You are, of course, absolutely right about our agreeing in principle about the desirability of people keeping each other. And I agree with you whole heartedly that keeping one another has nothing to do with money. It has to do with caring about each other. And I don’t for a moment doubt your sympathy with Lillian Brown. What I do belive – and this is surely what I meant – is that one has no right to interfere in the way another person is living unless one is ready to accept the consequences of that interference. Let me confess first that I know very little about the kind of person Lillian is apart from what I’ve gathered from you and mother and Mary Tole(?). I do remember Uncle’s attitude about his daughter and his son years ago, the ????? of and and he(?) set up for their leh avion(?). The daughter was to be sheltered and kept out of the world, the sons to be given absolute freedom. I had never heard anything to suggest, as you do in your letter, that Lillian was at risk of becoming a gratitude. My impression of her was that she was too retarded in her personal relation rather than that she was too bold. But whatever her problems, if she decided on the strength of your well-intentioned advice to just ????? up and come to Chicago! To try to make a new life for herself, would you be willing to have her come stay with you? Perhaps you would, but if you did I’d be both surprised and sorry. Because I think that would be a greater responsibility than you should have to assume for her welfare – unless she means a great deal more to you than I assumed. Continue reading 'April 29, 1965'»
Note: The UNRRA, the United Nations Relief and Rehabilitation Administration, was formed in late 1943 to “provide relief to areas liberated from the Axis powers after World War II” (from Wikipedia). I think it’s pretty badass that my great aunt – my mom’s aunt – was helping in Italy after WWII. Since this letter was handwritten in cursive, I wasn’t able to figure out every word and have noted ???s where I wasn’t sure of a word and (?)s where I was pretty sure but not positive of a word.
UNRRA (Italian Mission)
c/o P.M., New York
Mrs B. Graw
4707 N. XXXXX
Chicago V5, Illinois
20 June 1945
My traveling days have continued and there seems to be little likelihood of any change soon. By the end of this week I ought to be traveling into northern Italy with Dr Weber and Lacy(?) Rahon(?) for a week or two at beach and ???? more. We will be going in connection with a group of about 20 who will be working in the refuge camps up north – by the time we get back I should know what my next assignment is as we have been training Italians to ????? us here. As Jared is now at Bari in southern Italy checking up on the ???? assignment in Yugoslavia. Continue reading 'June 20, 1945 – Italy to Chicago'»
My mom just gave me a box of letters to and from (mostly to) her mom, my grandmother. I’m going to try and transcribe them (slowwwwwwly) and post them as I do. The only change I’m making is inserting some paragraphs for readability, as apparently Gert (my great aunt, and the author of this letter) wasn’t a huge fan of them – the original had only two huge paragraphs.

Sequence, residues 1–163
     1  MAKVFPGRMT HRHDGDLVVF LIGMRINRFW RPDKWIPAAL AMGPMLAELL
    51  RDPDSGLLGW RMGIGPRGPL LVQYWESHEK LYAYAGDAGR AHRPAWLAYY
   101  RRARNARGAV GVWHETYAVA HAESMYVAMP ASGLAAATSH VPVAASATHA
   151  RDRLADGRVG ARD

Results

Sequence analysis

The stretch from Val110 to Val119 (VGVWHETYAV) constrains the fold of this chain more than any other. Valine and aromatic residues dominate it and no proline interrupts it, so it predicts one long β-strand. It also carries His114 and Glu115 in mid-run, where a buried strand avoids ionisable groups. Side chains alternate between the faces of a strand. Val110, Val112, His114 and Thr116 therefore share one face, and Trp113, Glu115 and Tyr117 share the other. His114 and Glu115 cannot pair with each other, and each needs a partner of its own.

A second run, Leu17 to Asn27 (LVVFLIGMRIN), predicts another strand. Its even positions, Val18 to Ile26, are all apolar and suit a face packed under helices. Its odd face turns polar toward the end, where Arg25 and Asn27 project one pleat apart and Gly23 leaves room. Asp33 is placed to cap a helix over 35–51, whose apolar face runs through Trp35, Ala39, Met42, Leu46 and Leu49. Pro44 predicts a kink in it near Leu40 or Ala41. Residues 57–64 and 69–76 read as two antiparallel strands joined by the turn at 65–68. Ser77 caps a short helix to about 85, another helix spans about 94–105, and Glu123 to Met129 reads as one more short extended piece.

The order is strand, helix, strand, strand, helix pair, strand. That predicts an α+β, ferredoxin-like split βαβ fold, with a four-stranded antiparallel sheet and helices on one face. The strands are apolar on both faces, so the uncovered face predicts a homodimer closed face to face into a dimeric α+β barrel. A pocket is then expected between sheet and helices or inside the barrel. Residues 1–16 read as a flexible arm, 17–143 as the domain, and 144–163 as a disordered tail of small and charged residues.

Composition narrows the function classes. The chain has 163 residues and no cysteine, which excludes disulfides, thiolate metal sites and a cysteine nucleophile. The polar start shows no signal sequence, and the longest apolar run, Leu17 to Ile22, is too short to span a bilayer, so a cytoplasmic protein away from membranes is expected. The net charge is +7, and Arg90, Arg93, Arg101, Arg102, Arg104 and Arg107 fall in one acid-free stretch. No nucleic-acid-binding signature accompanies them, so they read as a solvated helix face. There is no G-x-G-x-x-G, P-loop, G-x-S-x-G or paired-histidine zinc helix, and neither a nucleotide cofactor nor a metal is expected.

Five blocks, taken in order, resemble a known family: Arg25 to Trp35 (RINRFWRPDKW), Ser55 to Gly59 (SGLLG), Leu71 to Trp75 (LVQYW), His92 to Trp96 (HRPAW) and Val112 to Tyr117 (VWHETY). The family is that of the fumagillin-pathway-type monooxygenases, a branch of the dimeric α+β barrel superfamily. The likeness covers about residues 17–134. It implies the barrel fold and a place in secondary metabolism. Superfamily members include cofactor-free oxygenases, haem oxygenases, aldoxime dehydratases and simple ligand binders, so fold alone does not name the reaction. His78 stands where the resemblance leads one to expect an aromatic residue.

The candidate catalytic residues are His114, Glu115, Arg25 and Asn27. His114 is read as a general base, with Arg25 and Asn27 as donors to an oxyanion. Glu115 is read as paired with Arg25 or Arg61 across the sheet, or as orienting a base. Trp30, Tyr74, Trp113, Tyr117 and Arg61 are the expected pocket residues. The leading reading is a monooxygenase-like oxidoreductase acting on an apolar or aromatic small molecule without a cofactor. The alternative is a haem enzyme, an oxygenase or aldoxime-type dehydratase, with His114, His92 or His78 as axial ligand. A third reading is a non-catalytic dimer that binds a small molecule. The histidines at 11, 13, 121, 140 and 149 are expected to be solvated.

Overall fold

15 April 1961
You really are extraordinary. Or just a moment. No, I just see that your card for my birthday was posted on 10 March, it arrived today, so I can’t blame you for not answering my last letter in it. But it was good to have even so belated a note from you and so uncommunicative a one. Did you receive from Delhi a set of table mats? A set I sent to Eleanore at the same time reacher her. Did Bonnie receive from Geneva a gold bangle of an Egyptian head for her charm bracelet? If not, please let me know so I can start inquiries. Especially as I shall have to stop in Geneva after I leave here, which I still hope will be toward the end of May. Did you get my letter asking you to send off my suitcase and did you send it?
Now for you. I’m glad you’ve finally faced that issue of separation. Now, to put it bluntly, try to forget the past or at least not remember it with bitterness. You can’t do anything more about it, but you can do a lot about the future. You’ve probably already realized that it doesn’t matter a fig what anybody thinks about Eddie not living at home, so that you might just as well have ignored “public opinion” all these years. But don’t waste your time regretting not having done it before. As long as you feel you’ve done right, and I’m sure Bonnie is both old enough and wise enough to be able to love you both without any sense of conflict or disloyalty, as long as you are wise about it and don’t demand proof from her that she approves of the seperation. What you must be prepared for is the possibility that you may have to live at a slightly lower standard of living if Eddie’s not at home, but you now know that you can support yourself and if you aren’t willing to pay that price for your freedom from the frustration and bitterness and discontent of the past years then you don’t really want it very badly.
As I’ve no doubt told you before, because it always seems to important to me, maturity is having to make choices between alternatives, each alternative having some advantages and some disadvantages. Children never understand why they should have to give up anything in order to have something else; grown ups should know how to make the choice and to live with it. You’ve wished for my birthday that I may continue to go through life doing the things I want to do. You might just think for a moment that I make up my mind each time by considering the alternative costs and deciding what I’m ready to pay or sacrifice in order to do something I want to do. Sometimes one gives up something else one wants to do, or chooses to do the least unpleasant of two unpleasant things. But it’s being able to choose that differentiates us from animals. Now let’s see what you decide to do with what you’ve chosen. Don’t worry about happiness. It’s not something one gets by direct effort, like going out to buy a loaf of bread or a bottle of whiskey. It’s a kind of by-product. You care for people so what happens to them makes you happy, even if you’ve done nothing about it yourself. I understand, for example, that Betty is pregnant, which you had nothing to do with but I’m sure makes you happy.
Continue reading '15 April 1961, Ceylon to Chicago'»